Has anyone ever gotten a non-immigrant (tourist) visa to the U.S.? - TennisForum.com
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post #1 of 17 (permalink) Old Apr 20th, 2005, 04:43 PM Thread Starter
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Has anyone ever gotten a non-immigrant (tourist) visa to the U.S.?

A friend of mine is trying to come to the U.S. this summer (from europe) and having sufficient funds in order to obtain a visa is an issue.

They will barely need any money to spend here as I plan on putting them up and what not and so they would really only need about $500-$1000 to get them by for spending money so its really not an issue frankly - but showing sufficient funds is necessary in order to obtain the visa.

So if anyone has gotten a non-immigrant visa for the U.S. could you possibly tell me how much you showed you had in your bank account in order for them to grant you the visa? I've tried to contact the consulate and ask but of course it just resulted in people dodging the question, transfering the calls, and playing a recording - all of which proved worthless.

..and yes I do realize that there are other factors determing whether or not you are actually granted the visa - but I just can't seem to find any info as to the sum of money that must be substantiated.

Would be thankful if anybody could shed some light on this.

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post #2 of 17 (permalink) Old Apr 20th, 2005, 05:01 PM
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Quote:
Originally Posted by Tammy
A friend of mine is trying to come to the U.S. this summer (from europe) and having sufficient funds in order to obtain a visa is an issue.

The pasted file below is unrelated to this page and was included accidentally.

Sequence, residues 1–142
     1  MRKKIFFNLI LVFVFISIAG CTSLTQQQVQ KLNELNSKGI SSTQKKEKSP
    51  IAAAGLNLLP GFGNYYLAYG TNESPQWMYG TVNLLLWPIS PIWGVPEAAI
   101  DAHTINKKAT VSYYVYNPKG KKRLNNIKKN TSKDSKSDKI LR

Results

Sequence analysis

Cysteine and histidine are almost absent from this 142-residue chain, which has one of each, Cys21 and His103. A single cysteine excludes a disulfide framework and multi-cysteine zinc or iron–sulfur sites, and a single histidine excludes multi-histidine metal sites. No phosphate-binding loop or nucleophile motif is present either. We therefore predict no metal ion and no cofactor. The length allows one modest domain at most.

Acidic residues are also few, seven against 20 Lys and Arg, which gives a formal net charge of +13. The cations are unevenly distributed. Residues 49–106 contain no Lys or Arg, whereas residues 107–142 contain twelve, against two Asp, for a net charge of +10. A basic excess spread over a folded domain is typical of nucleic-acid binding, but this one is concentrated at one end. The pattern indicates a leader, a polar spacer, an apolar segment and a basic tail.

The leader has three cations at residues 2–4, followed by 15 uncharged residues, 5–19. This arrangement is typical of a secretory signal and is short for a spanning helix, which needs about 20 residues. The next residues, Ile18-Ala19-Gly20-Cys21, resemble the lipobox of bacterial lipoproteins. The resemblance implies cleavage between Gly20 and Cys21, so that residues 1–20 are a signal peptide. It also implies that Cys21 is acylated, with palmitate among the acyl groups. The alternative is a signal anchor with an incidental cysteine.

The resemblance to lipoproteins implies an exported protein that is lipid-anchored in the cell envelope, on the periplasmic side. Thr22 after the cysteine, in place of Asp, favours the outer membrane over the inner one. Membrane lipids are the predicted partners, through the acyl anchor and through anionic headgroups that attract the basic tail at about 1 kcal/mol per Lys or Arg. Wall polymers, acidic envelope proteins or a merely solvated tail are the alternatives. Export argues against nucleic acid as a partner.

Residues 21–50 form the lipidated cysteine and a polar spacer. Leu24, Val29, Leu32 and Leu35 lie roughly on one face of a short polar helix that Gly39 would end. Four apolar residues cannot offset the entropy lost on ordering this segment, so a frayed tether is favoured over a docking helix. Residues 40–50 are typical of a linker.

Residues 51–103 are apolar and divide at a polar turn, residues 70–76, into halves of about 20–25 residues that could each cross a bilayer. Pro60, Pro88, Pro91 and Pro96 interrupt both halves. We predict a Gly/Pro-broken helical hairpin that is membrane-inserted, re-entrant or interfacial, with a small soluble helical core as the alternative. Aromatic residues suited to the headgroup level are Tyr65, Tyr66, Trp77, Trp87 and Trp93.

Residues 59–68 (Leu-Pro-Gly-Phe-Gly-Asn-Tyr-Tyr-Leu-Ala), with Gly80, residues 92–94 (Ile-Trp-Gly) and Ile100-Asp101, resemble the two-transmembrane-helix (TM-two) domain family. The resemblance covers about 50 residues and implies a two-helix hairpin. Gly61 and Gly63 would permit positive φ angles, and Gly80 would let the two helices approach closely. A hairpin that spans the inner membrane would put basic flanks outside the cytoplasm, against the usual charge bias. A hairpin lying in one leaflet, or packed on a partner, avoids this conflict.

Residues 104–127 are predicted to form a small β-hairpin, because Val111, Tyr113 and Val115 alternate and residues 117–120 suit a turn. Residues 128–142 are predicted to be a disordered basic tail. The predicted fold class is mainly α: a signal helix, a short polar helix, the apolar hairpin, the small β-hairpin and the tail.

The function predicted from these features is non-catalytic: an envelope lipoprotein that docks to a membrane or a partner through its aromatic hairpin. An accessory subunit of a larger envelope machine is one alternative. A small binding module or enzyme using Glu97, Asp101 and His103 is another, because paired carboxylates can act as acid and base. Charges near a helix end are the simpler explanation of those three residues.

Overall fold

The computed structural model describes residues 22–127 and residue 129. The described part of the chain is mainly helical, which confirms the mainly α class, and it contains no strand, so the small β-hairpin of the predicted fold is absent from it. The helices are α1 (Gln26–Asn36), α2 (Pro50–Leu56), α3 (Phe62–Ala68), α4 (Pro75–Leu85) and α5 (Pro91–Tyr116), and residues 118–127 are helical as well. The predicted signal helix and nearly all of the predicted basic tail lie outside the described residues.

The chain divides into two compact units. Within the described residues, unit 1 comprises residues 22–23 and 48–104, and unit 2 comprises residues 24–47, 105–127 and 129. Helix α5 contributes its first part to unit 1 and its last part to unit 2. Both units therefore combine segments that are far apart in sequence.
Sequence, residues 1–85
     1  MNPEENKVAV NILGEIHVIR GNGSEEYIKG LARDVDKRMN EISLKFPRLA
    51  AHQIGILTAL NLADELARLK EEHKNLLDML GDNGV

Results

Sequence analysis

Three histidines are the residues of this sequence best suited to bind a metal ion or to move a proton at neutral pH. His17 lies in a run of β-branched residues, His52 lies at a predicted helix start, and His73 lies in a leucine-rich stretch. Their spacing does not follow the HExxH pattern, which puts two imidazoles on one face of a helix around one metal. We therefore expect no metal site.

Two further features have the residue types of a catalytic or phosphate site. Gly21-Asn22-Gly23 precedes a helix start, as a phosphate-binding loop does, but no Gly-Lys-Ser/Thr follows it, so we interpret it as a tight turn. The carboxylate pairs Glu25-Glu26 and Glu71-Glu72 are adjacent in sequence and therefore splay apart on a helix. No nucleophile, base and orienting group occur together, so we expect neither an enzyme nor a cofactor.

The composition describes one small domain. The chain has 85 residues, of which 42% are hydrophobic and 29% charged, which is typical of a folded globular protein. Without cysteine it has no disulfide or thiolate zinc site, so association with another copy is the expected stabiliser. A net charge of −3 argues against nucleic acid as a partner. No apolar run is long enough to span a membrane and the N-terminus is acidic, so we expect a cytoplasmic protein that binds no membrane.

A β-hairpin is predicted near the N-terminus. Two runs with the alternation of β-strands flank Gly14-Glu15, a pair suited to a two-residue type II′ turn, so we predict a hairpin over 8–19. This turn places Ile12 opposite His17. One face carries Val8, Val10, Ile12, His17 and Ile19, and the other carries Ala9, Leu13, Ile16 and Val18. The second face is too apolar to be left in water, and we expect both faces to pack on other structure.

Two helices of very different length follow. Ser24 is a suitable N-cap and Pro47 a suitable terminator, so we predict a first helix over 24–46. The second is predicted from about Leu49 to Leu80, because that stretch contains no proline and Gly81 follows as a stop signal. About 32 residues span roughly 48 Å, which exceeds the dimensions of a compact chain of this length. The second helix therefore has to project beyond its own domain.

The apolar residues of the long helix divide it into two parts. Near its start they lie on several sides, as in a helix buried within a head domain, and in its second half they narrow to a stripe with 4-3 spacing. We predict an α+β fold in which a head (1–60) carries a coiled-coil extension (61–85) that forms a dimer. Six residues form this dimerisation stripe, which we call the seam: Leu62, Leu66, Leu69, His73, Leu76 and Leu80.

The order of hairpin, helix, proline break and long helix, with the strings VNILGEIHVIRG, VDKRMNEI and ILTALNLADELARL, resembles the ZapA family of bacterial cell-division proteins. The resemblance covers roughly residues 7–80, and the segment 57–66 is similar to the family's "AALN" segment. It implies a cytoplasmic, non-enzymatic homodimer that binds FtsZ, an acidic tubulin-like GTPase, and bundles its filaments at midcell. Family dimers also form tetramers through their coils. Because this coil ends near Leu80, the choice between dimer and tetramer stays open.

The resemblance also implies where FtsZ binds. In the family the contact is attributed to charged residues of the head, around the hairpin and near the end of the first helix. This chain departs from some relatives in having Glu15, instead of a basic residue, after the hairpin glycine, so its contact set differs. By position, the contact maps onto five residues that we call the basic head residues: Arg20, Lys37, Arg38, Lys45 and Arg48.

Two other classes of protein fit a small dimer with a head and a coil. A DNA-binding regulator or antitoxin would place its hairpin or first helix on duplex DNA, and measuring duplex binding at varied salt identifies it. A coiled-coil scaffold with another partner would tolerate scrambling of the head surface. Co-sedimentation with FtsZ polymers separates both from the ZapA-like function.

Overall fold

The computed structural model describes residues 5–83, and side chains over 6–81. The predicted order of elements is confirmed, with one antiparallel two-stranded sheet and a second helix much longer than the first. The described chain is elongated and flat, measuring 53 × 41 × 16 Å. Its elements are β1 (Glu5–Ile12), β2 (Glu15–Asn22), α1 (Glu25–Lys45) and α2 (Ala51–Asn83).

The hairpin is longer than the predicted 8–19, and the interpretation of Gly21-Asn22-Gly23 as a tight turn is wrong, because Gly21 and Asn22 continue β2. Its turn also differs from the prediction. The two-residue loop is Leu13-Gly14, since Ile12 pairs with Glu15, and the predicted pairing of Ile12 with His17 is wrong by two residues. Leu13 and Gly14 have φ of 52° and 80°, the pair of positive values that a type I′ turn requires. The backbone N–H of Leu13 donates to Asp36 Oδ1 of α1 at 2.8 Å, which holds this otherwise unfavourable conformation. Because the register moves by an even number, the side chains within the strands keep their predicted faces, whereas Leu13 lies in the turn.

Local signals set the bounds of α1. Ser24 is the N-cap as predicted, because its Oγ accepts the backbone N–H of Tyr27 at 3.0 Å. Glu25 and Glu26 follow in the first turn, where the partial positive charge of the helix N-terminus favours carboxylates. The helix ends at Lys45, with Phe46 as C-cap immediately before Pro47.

Where does your friend come from? Coz that's key, actually... if he's from any of the EU countries, he'll only be asked to fill in a funny (coz it contains a few funny questions...) green form on the plane, and once he gets to his destination airport, he'll have to hand it in, answer a couple of questions (are you here for work, leisure? how long are you gonna stay?...). The crucial thing is that when he fills the form in he HAS to provide an address on US ground, theoretically the one he's going to stay at. It can even be a hotel's, or whatever... but if he's staying at your place that's even easier, the important thing is that he has the addy ready to copy it down.

That gives him three months to stay in the US - as a tourist, so he can't work...

Hope this is of help, if you want, ask me more questions!

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post #3 of 17 (permalink) Old Apr 20th, 2005, 05:23 PM Thread Starter
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From Greece. I understand what you're saying - but they only grant visas if you have sufficient funds and therefore I'm not certain what they would constitute as being sufficient.

I know its a very generalized question and that there is no exact amount and therefore I'm just trying to get a general feel as to how much is actually needed for the visa to be granted based upon other people's experiences.

And the problem doesn't lie in after arrival in the U.S. and what not - but rather being granted a visa first.



Quote:
Originally Posted by Andy_
Where does your friend come from? Coz that's key, actually... if he's from any of the EU countries, he'll only be asked to fill in a funny (coz it contains a few funny questions...) green form on the plane, and once he gets to his destination airport, he'll have to hand it in, answer a couple of questions (are you here for work, leisure? how long are you gonna stay?...). The crucial thing is that when he fills the form in he HAS to provide an address on US ground, theoretically the one he's going to stay at. It can even be a hotel's, or whatever... but if he's staying at your place that's even easier, the important thing is that he has the addy ready to copy it down.

That gives him three months to stay in the US - as a tourist, so he can't work...

Hope this is of help, if you want, ask me more questions!

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post #4 of 17 (permalink) Old Apr 20th, 2005, 05:56 PM
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how long does he want to stay for?
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post #5 of 17 (permalink) Old Apr 20th, 2005, 05:59 PM Thread Starter
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For 1-2 months possibly.


Quote: